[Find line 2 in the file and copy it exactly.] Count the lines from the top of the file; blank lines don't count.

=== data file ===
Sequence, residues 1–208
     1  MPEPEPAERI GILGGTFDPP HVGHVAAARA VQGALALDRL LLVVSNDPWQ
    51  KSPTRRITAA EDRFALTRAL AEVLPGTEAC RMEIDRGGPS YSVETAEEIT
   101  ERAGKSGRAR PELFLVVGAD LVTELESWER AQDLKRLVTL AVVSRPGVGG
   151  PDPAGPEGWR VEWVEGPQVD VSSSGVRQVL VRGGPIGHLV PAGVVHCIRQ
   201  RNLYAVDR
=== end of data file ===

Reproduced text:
     1  MPEPEPAERI GILGGTFDPP HVGHVAAARA VQGALALDRL LLVVSNDPWQ